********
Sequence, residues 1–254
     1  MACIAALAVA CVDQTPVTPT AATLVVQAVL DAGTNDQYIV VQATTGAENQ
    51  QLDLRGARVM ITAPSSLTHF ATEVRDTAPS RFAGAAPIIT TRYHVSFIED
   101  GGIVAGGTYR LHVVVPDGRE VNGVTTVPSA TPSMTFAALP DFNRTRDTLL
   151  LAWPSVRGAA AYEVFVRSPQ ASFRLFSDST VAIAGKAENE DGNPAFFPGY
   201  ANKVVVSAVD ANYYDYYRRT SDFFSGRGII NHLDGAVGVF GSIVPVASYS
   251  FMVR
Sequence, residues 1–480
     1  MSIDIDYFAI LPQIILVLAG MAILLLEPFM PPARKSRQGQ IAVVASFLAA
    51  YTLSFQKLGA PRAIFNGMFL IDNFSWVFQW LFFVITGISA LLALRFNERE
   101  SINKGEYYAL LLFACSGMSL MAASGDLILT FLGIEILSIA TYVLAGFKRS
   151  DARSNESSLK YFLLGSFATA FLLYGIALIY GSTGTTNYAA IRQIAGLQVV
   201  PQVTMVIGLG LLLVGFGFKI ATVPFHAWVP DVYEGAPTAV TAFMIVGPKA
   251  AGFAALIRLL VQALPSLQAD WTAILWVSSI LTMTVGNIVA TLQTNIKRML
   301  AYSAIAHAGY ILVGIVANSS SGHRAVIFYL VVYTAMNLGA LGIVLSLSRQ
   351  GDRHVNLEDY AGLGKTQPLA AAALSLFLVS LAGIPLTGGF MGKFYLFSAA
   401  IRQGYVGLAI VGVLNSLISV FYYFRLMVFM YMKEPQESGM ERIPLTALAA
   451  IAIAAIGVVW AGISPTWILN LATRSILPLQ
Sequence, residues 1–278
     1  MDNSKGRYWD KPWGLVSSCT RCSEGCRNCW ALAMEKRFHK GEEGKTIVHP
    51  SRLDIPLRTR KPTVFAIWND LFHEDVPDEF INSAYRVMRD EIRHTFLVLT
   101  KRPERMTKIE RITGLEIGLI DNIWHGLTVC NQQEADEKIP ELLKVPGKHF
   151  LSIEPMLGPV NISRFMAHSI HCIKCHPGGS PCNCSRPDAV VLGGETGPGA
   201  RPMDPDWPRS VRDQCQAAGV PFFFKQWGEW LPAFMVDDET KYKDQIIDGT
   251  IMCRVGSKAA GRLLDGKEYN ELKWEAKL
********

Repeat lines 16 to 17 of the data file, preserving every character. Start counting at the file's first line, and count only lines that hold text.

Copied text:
   351  GDRHVNLEDY AGLGKTQPLA AAALSLFLVS LAGIPLTGGF MGKFYLFSAA
   401  IRQGYVGLAI VGVLNSLISV FYYFRLMVFM YMKEPQESGM ERIPLTALAA